While countless laboratories around the world are looking to novel composites and sophisticated materials, at least one research team hopes to develop technology based on more seemingly mundane and readily available materials, such as paper. Now, the Whitesides group at Harvard University has developed a force sensor for a microelectromechanical system
(MEMS) using paper as the structural material [Whitesides et al., Lab Chip (2011) doi: 10.1039/c1lc20161a].
MEMS devices are becoming increasingly common in research, in industrial settings and in medical diagnostics. Several companies have now developed MEMS for a wide range of applications: digital micromirror devices (DMD, Texas Instruments), accelerometers for firing vehicle airbags (Analog Devices and Motorola), and pressure/?ow sensors for industrial uses (Honeywell). However, while such devices are based on semiconductor materials, such as silicon, they will remain expensive and require complex manufacturing facilities and clean rooms for their construction.
Whitesides and colleagues hope to circumvent such obstacles by finding inexpensive alternatives to silicon and its ilk and precluding the need for complex and costly fabrication processes. As such, they have now developed a prototypical MEMS device; a paper-based piezoresistive force sensor, demonstrating that a readily available and easy to prepare material can be used to build useful devices, albeit with perhaps poorer performance than conventional MEMS. The same approach has also been used to develop a paper-based weighing balance.
The group emphasizes that the force sensor is simple to construct, taking less than an hour with no special facilities or equipment; a paper cutter and painting knife are all that are needed. Material costs for each device are of the order of a few cents. When asked about the novelty and utility of this work, Whitesides remarked to Materials Today that, "Sometimes things that obviously can't work have a mind of their own and work anyway."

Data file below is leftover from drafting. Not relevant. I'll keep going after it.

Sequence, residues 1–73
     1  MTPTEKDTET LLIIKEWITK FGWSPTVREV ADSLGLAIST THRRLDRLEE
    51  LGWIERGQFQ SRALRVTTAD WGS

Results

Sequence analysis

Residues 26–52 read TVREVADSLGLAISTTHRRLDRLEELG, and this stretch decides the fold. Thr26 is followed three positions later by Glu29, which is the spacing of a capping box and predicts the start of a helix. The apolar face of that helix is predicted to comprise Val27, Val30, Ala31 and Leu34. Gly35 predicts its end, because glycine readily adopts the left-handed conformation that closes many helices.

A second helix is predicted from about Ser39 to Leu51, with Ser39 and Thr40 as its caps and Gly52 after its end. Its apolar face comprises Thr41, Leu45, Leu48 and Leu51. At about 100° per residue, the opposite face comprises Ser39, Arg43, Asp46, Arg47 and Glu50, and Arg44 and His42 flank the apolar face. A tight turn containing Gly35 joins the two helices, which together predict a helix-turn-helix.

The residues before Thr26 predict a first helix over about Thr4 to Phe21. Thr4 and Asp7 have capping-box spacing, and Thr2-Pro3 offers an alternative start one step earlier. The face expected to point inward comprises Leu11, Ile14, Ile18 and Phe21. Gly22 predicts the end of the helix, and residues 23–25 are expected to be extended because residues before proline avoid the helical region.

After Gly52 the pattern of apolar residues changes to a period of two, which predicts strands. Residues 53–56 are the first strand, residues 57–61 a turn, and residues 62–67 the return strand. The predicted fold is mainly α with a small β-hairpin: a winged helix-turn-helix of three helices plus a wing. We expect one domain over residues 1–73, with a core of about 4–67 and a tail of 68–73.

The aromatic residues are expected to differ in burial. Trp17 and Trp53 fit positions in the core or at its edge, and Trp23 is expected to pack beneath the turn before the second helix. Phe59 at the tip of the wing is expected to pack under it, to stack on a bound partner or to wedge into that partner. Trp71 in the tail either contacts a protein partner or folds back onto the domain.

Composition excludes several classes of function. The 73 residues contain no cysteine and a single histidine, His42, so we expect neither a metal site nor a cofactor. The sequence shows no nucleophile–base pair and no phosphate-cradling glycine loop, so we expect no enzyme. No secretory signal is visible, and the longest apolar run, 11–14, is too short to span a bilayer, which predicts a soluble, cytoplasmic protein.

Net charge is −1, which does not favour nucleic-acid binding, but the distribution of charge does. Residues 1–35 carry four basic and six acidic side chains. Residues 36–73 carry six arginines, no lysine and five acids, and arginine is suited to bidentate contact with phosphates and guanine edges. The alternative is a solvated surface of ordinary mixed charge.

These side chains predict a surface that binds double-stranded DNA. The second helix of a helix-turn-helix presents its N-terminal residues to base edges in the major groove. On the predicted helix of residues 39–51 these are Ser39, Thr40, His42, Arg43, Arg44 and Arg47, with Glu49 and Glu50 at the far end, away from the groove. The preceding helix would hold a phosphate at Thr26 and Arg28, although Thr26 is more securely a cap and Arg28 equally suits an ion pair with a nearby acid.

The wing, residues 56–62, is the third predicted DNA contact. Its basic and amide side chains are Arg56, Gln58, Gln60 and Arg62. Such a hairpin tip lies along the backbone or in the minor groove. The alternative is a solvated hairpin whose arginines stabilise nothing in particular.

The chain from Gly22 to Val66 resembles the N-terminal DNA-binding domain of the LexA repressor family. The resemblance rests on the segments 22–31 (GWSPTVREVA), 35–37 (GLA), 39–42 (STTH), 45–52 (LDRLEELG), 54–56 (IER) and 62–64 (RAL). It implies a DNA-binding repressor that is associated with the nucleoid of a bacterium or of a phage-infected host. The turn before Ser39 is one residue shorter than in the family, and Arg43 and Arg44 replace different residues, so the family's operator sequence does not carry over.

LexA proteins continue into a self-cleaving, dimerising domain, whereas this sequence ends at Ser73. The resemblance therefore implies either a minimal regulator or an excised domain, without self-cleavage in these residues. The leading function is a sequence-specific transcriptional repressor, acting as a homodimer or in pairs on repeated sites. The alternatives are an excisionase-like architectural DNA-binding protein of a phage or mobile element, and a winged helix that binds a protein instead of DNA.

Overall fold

The team has shown that the force sensor can measure the properties of a soft material with moderate, but useful, performance compared to conventional MEMS, giving a resolution of 120 micronewtons and a 16 millinewton measurement range. The paper-based balance can measure up to 15 grams and has a resolution of 0.39 grams.
These low-cost, portable and disposable paper-based MEMS devices could be used as single-use sensors in analytical applications, for instance in the mechanical characterization of tissues in medical diagnostics and in food viscosity measurements. The researchers add that in contrast to silicon-based MEMS, a paper-based device might be too sensitive to high temperatures, atmospheric components , such as water vapor, ozone, peroxides, etc. However, in some contexts such sensitivities might also be exploited for other applications of the device, such as humidity sensors or an ad hoc chemical detector for emergencies.


David Bradley